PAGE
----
“I earn £ 150,000 a year fighting fraudsters as an ethical hacker”


Another element of the job is the “penetration test”, in which companies hire hackers to attack their systems for potential weaknesses.

Organizations can also invite hackers to participate in so-called “bug bounties,” which offer financial rewards to those who find evidence of exploitable vulnerabilities in their systems.

“You have to be very careful legally when performing a penetration test,” Sasnauskas said. “Covering your business entirely in the contract is a must – if that doesn’t cover everything you are going to do and the effect it will have on the business, you could end up in jail, even if someone hired you. to do it.”

How much do ethical hackers earn?

The average salary for ethical hacker vacancies in Great Britain is £ 57,400. But experienced hackers can make a lot of money.

“A person living in Britain studying cybersecurity management, for example, can expect to find a job on a paid internship starting with a minimum wage of up to £ 45,000.” , said Sasnauskas.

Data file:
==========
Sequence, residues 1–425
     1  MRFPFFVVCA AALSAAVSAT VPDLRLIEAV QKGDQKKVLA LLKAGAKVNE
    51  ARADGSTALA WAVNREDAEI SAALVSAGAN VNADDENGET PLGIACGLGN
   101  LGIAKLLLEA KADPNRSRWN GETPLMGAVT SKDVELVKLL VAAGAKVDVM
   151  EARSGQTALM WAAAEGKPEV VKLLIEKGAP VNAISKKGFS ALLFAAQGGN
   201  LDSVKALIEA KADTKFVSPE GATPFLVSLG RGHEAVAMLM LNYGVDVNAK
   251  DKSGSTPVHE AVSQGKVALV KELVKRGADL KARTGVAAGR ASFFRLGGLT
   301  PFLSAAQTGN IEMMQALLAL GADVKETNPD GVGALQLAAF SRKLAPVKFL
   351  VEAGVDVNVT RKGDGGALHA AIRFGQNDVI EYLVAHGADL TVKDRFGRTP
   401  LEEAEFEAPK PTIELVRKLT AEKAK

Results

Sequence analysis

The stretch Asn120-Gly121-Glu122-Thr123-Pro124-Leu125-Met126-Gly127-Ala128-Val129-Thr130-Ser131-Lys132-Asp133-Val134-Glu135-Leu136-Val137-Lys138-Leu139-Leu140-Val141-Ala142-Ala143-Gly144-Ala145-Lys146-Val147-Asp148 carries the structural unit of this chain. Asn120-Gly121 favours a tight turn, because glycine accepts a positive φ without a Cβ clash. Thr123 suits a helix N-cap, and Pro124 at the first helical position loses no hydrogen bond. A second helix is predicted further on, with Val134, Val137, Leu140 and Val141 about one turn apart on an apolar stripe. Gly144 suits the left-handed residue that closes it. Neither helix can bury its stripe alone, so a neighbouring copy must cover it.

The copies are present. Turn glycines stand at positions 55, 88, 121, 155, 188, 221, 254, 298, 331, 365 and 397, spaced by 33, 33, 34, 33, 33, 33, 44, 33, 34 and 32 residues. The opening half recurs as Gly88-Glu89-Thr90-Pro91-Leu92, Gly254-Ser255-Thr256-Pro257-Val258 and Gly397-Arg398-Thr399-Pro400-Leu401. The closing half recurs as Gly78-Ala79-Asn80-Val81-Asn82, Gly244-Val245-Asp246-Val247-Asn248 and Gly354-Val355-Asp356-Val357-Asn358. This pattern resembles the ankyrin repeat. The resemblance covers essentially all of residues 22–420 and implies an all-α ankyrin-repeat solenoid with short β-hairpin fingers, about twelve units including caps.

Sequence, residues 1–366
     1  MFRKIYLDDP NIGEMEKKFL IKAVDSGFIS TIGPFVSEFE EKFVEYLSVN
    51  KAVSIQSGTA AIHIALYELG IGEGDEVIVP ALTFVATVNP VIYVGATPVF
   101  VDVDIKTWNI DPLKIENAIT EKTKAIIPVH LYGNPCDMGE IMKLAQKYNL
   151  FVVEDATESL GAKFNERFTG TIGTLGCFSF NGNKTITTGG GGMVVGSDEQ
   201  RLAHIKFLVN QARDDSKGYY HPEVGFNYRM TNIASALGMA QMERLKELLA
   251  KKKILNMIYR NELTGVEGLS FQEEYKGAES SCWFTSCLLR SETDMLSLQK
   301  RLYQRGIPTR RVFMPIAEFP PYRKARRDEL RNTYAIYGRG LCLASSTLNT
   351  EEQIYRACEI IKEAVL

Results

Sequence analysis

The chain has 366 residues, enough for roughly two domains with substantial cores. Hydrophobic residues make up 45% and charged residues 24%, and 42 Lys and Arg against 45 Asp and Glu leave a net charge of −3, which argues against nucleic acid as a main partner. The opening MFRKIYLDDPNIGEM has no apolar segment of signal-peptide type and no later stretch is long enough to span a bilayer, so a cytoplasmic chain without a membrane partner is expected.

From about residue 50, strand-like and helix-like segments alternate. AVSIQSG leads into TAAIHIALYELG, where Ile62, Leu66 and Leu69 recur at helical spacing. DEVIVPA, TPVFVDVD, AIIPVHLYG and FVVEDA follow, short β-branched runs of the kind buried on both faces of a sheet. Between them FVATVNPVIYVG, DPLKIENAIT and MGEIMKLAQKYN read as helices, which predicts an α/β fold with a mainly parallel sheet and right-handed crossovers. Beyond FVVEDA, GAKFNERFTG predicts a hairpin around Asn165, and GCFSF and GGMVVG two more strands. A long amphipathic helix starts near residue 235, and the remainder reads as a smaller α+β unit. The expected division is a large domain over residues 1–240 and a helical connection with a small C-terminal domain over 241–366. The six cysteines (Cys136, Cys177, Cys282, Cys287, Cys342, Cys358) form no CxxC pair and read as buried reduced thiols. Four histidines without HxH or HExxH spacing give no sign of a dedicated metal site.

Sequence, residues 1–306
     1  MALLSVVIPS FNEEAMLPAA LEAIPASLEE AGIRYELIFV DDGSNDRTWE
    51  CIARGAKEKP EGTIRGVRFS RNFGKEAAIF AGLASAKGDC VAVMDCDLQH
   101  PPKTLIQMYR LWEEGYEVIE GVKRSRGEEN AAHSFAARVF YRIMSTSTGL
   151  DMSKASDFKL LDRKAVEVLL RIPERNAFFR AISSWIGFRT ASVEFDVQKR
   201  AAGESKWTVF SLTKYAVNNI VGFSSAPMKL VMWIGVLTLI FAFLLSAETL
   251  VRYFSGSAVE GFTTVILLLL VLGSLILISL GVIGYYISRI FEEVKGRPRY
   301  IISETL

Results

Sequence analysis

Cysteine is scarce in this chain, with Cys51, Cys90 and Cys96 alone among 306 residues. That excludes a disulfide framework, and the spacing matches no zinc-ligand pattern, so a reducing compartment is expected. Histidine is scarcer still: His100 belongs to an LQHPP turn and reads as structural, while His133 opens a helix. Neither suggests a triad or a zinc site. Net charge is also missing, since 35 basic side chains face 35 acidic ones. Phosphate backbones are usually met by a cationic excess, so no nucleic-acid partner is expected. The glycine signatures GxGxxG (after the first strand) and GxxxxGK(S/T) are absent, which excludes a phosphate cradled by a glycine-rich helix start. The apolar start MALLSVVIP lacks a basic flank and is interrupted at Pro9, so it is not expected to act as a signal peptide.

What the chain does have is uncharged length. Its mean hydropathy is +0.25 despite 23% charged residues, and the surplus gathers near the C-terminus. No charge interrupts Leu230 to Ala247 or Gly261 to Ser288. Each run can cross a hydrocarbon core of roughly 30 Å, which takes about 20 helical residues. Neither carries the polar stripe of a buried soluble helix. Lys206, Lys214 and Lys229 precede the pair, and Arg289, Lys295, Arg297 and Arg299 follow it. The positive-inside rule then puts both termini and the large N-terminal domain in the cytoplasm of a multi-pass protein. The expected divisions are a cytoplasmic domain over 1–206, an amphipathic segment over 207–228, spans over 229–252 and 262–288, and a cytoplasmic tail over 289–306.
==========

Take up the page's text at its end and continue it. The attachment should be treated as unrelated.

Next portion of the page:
“After they graduate from college, if they join a company as a Junior Security Operations Center analyst, for example, they can expect to earn a minimum of £ 25,000. But after that years in this position, an experienced security consultant can earn over £ 150,000 per year. ”

Ethical hacking falls under what Sasnauskas calls “proactive security”, but it is only one element of cybersecurity. “The whole field of information security is quite large,” he said. “People can pursue very technical careers, or careers in policy development, or create frameworks for companies to better mitigate and manage risk.”

For Mr. Sasnauskas, his career has been a happy accident. “I wasn’t originally pursuing a career in the field, but I liked it as a hobby,” he said.

“I had been interested in the idea since I was a child and got into programming in elementary school. People come from different fields, such as business or programming. There are also degrees in cybersecurity now. . “

The role is not for everyone, however. Mr Sasnauskas said: “Personally, I love this job. For me it is a hobby that I also do for work. It is however extremely demanding. You have to be aware of all the current trends, and it’s generally fast, so it’s not for everyone. For me and those around me though, it’s great. “

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